Social media is filled with rare and intriguing photos that often blow our minds. One such photo that has been generating quite a buzz on social media is that of a snake devouring another serpent.

The photo shared by Indian Forest Services (IFS) officer Parveen Kaswan via Twitter on Tuesday showed a king cobra eating a spectacled cobra.

"Ophiophagus hannah. A King cobra eating a spectacled cobra. They feed on lesser mortals," Kaswan captioned the picture.

"The scientific name of this king cobra is; Ophiophagus hannah. 'Ophiophagus' is derived from Greek, meaning 'snake-eating' and hannah is derived from the name of tree-dwelling nymphs in Greek mythology. So king living true to its name. The only snake which build nests," he explained in the tweet thread.

The officer went on to add that the majority of a king cobra’s diet consists of other snakes. Rat snakes are usually their favorite species and they tend to swallow them as it is.

The photo has since gone viral on Twitter, with people calling it a "magnificent shot." Some people also thanked the officer for sharing such an interesting fact about king cobras.

"Haven’t known snakes eat snakes… thanks for the know-how," one person wrote.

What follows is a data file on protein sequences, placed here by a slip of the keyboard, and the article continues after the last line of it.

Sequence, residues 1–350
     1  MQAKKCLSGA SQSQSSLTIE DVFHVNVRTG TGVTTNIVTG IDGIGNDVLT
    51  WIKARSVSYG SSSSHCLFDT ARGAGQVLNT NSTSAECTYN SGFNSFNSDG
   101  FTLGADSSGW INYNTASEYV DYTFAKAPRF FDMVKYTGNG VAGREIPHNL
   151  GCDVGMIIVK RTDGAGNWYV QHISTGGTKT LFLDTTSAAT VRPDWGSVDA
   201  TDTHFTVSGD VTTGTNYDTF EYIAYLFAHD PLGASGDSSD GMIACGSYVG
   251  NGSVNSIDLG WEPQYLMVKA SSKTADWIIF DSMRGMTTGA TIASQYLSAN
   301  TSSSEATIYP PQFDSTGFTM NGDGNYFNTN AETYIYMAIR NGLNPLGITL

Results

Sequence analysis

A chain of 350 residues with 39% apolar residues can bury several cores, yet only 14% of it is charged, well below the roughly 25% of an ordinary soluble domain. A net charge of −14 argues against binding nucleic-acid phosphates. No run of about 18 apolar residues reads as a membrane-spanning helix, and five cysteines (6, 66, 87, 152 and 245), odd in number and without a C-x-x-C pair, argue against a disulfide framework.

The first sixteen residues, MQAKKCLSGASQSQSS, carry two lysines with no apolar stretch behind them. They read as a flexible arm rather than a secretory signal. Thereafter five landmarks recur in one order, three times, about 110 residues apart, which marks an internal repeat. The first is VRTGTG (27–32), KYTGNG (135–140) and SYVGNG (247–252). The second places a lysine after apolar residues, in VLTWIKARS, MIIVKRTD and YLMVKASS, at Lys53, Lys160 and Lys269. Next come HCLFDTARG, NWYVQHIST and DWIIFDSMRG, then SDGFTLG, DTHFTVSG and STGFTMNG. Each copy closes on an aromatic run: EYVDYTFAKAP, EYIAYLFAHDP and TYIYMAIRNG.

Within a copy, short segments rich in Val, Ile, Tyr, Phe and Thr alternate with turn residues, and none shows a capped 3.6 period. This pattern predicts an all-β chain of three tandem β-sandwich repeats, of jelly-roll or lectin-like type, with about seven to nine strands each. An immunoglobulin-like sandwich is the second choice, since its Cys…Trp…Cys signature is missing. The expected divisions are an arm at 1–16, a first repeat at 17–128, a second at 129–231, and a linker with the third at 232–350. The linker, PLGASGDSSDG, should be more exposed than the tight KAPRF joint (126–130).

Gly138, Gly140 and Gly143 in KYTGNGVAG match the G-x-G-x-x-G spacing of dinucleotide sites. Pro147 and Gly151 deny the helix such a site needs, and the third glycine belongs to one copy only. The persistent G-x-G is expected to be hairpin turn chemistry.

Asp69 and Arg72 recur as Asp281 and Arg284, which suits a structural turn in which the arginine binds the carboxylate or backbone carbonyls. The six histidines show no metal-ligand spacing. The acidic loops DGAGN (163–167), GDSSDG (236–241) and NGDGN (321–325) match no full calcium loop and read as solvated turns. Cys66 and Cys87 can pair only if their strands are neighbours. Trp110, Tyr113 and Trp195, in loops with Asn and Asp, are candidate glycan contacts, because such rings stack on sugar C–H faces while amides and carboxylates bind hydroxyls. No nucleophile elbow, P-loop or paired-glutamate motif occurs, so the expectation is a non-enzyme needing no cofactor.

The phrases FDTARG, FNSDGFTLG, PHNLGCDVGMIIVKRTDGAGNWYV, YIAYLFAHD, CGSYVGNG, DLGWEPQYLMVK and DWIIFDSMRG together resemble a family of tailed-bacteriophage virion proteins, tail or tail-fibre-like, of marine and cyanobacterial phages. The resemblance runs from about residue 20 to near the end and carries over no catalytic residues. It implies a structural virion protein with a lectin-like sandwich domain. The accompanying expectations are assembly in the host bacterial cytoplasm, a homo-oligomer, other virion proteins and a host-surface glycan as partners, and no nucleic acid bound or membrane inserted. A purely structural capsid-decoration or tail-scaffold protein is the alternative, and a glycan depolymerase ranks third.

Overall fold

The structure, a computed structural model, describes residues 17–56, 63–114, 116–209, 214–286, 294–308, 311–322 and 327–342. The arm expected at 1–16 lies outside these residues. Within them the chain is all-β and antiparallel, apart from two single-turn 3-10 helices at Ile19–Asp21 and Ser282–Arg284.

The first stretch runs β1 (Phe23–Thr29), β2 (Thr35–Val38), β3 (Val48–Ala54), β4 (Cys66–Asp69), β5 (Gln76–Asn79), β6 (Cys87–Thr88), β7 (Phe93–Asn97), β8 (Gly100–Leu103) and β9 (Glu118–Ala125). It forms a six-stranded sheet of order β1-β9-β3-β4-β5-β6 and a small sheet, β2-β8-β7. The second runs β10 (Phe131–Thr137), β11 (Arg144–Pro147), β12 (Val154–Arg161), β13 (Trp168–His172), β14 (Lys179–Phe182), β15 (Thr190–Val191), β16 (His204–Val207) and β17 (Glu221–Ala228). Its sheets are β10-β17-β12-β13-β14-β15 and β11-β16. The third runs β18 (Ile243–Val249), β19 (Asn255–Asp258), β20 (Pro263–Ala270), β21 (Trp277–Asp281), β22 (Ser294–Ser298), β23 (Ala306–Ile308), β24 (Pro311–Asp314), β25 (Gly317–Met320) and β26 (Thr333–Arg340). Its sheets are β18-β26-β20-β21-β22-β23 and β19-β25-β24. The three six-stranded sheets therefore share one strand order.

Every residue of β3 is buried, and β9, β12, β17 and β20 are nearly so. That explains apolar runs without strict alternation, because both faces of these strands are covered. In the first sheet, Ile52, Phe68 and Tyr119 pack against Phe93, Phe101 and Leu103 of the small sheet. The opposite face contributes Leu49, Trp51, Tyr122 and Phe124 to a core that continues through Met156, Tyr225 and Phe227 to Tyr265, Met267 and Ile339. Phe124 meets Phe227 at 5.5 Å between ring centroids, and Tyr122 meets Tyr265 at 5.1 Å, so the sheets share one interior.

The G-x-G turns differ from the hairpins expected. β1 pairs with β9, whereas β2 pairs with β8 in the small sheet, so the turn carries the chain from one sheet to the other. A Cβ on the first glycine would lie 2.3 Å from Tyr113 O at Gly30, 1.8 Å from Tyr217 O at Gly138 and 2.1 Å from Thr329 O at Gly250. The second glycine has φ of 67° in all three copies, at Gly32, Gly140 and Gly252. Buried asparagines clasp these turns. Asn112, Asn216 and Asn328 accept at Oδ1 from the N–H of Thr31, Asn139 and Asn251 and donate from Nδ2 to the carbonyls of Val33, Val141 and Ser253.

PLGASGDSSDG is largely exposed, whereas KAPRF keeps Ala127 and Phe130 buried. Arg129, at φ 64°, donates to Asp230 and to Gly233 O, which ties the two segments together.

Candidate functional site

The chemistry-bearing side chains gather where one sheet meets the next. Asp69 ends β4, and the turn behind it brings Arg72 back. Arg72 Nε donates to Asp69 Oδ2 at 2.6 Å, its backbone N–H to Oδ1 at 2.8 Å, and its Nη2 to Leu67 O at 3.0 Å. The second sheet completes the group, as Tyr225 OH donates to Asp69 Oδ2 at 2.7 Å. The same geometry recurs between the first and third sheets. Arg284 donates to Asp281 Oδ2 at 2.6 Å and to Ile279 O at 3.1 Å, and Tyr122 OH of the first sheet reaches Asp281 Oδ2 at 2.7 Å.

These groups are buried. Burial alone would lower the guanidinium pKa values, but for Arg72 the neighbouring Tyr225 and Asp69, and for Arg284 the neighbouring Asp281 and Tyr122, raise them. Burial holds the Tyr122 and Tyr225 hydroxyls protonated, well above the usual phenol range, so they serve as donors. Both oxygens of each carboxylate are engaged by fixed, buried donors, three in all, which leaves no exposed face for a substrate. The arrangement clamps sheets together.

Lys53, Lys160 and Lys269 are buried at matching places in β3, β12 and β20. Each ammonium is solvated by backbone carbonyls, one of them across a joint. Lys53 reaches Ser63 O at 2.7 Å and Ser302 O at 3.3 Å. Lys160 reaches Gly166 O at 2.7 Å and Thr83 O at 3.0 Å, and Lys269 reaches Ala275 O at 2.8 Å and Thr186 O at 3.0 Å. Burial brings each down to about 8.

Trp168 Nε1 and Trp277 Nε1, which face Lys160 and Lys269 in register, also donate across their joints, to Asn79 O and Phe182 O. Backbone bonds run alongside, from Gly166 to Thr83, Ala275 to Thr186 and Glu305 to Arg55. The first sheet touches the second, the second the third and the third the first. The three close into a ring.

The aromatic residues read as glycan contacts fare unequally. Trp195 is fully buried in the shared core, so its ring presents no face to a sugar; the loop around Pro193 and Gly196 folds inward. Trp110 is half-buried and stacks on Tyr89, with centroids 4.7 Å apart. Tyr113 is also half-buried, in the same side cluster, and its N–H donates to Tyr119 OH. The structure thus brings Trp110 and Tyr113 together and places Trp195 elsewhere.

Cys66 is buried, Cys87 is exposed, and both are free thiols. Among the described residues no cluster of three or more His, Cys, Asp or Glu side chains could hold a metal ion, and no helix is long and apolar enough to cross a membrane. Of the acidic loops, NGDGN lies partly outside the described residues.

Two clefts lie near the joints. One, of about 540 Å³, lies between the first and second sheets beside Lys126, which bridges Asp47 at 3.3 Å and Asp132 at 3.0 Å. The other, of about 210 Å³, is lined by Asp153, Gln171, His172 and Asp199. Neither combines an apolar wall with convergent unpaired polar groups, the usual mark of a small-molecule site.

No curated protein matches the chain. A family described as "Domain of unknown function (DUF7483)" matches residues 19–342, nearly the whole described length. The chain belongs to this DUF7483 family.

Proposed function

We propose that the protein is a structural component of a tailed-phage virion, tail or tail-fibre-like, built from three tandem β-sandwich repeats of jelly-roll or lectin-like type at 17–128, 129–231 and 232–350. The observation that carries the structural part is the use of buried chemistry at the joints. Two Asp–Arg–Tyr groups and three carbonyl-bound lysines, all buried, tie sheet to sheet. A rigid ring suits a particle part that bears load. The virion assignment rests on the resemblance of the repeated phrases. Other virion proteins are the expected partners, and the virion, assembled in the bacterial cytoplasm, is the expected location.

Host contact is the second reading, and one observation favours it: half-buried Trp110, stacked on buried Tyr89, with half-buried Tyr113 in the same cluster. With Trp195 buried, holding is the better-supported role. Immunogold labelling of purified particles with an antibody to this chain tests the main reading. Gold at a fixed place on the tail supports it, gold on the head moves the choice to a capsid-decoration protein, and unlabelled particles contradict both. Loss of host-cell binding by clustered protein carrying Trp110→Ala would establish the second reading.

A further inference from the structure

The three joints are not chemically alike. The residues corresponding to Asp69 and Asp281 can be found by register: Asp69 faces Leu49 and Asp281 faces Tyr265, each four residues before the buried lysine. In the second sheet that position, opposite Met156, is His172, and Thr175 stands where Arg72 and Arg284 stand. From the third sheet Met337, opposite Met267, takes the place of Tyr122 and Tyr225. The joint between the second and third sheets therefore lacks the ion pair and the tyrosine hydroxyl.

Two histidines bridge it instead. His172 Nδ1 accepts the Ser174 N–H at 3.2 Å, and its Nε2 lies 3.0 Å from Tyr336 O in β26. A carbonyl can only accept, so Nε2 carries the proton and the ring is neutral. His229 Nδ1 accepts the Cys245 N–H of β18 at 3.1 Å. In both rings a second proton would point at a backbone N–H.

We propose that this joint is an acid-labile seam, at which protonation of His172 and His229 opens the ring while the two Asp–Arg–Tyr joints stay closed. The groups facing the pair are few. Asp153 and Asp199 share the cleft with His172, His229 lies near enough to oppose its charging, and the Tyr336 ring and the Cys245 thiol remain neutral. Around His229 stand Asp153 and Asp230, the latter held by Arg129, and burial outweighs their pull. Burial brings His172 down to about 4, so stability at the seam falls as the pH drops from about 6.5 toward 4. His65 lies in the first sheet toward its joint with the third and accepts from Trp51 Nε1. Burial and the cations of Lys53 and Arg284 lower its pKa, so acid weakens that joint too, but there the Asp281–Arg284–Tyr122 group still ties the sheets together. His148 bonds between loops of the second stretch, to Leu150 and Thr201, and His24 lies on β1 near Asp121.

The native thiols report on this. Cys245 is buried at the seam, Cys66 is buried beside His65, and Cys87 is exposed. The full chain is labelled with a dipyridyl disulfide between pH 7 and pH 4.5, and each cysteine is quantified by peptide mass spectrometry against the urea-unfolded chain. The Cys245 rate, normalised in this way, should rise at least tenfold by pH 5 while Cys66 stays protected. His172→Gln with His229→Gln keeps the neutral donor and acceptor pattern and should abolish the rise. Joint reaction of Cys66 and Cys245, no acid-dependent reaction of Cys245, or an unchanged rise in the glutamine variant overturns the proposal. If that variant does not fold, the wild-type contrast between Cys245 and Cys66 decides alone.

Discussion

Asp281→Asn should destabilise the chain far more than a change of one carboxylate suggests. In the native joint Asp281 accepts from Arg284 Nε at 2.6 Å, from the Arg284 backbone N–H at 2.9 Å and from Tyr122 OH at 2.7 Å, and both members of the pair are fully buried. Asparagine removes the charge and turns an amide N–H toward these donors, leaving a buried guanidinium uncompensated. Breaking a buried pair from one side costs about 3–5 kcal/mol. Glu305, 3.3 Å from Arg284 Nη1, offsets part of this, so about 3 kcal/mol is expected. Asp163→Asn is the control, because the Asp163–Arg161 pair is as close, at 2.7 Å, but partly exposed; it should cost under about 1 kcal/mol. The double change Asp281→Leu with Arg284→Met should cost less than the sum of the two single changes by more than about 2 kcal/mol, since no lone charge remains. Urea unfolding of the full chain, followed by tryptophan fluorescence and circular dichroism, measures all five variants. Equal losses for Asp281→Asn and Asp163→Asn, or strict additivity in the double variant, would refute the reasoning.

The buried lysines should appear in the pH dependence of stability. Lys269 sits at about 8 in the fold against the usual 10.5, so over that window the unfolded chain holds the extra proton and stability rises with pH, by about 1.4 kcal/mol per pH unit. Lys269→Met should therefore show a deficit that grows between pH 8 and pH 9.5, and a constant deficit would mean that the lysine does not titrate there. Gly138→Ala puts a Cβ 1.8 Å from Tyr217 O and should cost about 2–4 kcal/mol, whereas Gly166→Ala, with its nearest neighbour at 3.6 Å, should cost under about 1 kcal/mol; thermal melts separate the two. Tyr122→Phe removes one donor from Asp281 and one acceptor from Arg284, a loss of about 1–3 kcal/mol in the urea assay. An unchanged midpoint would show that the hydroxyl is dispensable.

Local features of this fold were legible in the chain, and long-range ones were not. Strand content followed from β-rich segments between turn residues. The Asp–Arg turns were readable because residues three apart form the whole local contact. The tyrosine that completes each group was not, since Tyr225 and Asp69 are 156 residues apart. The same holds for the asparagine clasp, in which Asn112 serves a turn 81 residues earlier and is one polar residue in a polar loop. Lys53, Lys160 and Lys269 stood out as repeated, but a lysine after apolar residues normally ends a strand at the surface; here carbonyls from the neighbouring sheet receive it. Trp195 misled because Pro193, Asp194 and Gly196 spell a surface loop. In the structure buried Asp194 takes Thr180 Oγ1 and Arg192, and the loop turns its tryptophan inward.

"Nature's way... No explanation needed," another user wrote.

Some netizens also questioned if the venom of the spectacled cobra can harm the king cobra.

"Sir how does King cobra overcome the venom of ordinary cobra? Doesn't it affect.. Even mongoose if bitten may die but it beautifully dodges," one user asked. There has been no response to this question yet.

The king cobra is one of the most venomous snakes in the world. It is also the longest venomous snake, reaching a maximum of 5.85 meters (19 feet). Mostly found in rain forests and plains of India, southern China and Southeast Asia, these snakes feed on other snakes, venomous and nonvenomous. They also eat lizards, eggs and small mammals.

Last year, a video of a common Krait swallowing a wolf snake went viral on social media, leaving people in awe. The video was shared on Twitter by Indian Forest Service officer Susanta Nanda.

A Krabi Pitakpracha Foundation snake handler holds the four-metre (13 feet) king cobra he pulled from a sewer in southern Thailand Representational image of a king cobra Photo: KRABI PITAKPRACHA FOUNDATION / Handout